As of the publication of this article, Trey Parker has created 283 episodes of South Park.
He had a lot of help, of course. Trey has a writer’s room that helps him ideate and outline. And a team of artists that help him storyboard and illustrate. But the writing and editing work — the lonely work — that’s on Trey.
“Even though we’re a partnership,” said co-creator, Matt Stone, “the way the stories in South Park are expressed is completely through Trey. Trey’s the chef.”
Moreover, given the nature of the show (every episode is based on current events), Trey does all that work in less than 6 days. (He’s never missed a deadline.)
That is the premise of 6 Days to Air, a documentary that follows Trey and his team through the making of a South Park episode.
IMO every creator should watch 6 Days to Air.
Because it’s entertaining. You’ll have fun, even if you don’t regularly watch the show.
These are my 3 favorite quotes from the movie...
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“[Editing] just becomes brutal because you have to go back in tomorrow and you’ve got to start taking scenes that are there and figuring out, Okay, how can we make this same thing happen in half the time and rewrite it.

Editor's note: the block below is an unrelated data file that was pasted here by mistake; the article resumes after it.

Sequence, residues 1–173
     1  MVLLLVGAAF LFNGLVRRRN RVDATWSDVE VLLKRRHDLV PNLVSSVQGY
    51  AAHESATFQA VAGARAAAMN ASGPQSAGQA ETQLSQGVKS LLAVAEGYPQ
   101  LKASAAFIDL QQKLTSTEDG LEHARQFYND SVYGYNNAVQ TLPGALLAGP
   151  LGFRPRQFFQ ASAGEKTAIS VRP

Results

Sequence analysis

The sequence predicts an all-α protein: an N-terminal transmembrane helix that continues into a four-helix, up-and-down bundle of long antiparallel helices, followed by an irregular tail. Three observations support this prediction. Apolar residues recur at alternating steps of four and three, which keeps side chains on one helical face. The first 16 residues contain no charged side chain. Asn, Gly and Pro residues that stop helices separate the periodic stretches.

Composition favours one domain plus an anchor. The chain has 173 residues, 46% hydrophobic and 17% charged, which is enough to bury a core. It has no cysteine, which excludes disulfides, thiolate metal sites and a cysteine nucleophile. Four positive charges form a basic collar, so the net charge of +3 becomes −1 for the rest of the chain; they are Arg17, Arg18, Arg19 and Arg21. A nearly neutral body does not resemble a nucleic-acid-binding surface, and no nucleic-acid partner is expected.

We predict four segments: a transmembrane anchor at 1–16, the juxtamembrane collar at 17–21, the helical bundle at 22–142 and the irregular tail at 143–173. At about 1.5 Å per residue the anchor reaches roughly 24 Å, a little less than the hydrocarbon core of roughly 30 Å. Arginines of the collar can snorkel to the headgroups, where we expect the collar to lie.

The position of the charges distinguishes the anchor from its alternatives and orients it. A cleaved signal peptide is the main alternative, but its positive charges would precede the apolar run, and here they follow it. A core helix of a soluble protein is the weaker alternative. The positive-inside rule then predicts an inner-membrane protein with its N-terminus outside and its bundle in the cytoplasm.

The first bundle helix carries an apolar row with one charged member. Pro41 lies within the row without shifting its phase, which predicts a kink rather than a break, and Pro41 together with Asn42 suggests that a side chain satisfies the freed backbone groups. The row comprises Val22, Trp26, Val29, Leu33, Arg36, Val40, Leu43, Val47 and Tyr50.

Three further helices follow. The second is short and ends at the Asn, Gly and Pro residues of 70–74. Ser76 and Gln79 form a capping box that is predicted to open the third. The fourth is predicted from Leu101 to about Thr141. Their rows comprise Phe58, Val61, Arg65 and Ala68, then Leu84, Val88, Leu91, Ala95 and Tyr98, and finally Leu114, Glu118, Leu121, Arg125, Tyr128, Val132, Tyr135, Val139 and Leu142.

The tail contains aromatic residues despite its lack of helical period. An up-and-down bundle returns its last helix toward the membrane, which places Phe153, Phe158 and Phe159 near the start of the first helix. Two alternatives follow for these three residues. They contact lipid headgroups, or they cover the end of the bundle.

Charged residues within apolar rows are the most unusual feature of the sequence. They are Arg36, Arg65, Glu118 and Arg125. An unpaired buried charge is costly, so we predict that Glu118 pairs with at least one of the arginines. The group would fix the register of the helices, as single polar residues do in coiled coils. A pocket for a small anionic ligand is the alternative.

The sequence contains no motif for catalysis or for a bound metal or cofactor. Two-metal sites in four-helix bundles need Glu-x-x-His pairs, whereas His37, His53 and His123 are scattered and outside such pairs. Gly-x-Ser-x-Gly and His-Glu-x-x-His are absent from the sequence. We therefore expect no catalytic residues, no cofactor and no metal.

I always call it The Rule Of Replacing ‘Ands’ With Either ‘Buts’ Or ‘Therefores’.
So it’s always like, This happens AND this happens, AND then this happens...
When I can go back and write it and change that to, This happens, THEREFORE this happens, BUT this happens — whenever you can replace your ‘ands’ with ‘buts’ or ‘therefores’ — it makes for better writing.”
This quote alone is worth the 40 minutes and 21 seconds you’ll spend watching the doc. But there’s more…
On avoiding burnout:
“Sometimes, to get my brain working in a different way, I’d sit there and put LEGOs together. Because you’ve got an instruction book and you just sit there and you do exactly what something else tells you to do — instead of you having to tell somebody what to do.
And that’s just therapeutic.”
Plus, playing with LEGOs is an analog activity, which is good if you’re constantly working through a screen, on a laptop or a phone. It balances you out somehow.
On doubting yourself:
“Every Tuesday, [Matt] has to talk me off a cliff. Every show, I’m like, This is a horrible show and I don’t want anyone to see it.
There was one episode we did, the first show of the season. And I’m like, I’ve lost it… I don’t know how to do this anymore… I just went home and I was depressed and I couldn’t sleep. But I got here the next day and people were like, Hey people really liked that show. It was the World of Warcraft episode.
And it’s still, to this day, one of our most famous episodes that people cite as one of the best of all time — and I literally wanted to kill myself with that episode. It’s crazy.”
The moral? Step away from your draft. Staring at it for too long will cloud your judgment.